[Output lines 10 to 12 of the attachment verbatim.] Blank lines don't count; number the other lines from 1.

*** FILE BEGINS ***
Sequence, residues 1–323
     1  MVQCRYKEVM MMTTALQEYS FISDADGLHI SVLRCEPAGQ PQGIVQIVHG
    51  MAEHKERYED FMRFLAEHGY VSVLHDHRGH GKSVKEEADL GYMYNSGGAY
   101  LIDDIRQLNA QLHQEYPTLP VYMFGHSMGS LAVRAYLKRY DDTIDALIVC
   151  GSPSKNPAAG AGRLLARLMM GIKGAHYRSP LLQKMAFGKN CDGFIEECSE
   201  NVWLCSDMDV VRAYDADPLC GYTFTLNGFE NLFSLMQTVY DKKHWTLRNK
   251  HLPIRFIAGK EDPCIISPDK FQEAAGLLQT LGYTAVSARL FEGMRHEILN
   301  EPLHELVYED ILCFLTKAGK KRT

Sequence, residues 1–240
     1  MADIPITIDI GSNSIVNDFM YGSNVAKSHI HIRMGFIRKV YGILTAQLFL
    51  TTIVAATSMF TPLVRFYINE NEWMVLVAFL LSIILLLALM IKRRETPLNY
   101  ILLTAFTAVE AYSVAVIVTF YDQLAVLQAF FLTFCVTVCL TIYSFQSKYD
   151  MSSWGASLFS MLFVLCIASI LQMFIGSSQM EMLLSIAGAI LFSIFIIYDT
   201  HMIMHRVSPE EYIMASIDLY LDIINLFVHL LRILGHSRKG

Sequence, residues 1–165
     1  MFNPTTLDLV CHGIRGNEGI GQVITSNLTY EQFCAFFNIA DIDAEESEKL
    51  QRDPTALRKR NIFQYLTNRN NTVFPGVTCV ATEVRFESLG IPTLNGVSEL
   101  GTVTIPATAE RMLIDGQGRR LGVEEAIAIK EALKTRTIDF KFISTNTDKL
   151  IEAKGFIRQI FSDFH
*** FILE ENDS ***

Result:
     1  MADIPITIDI GSNSIVNDFM YGSNVAKSHI HIRMGFIRKV YGILTAQLFL
    51  TTIVAATSMF TPLVRFYINE NEWMVLVAFL LSIILLLALM IKRRETPLNY
   101  ILLTAFTAVE AYSVAVIVTF YDQLAVLQAF FLTFCVTVCL TIYSFQSKYD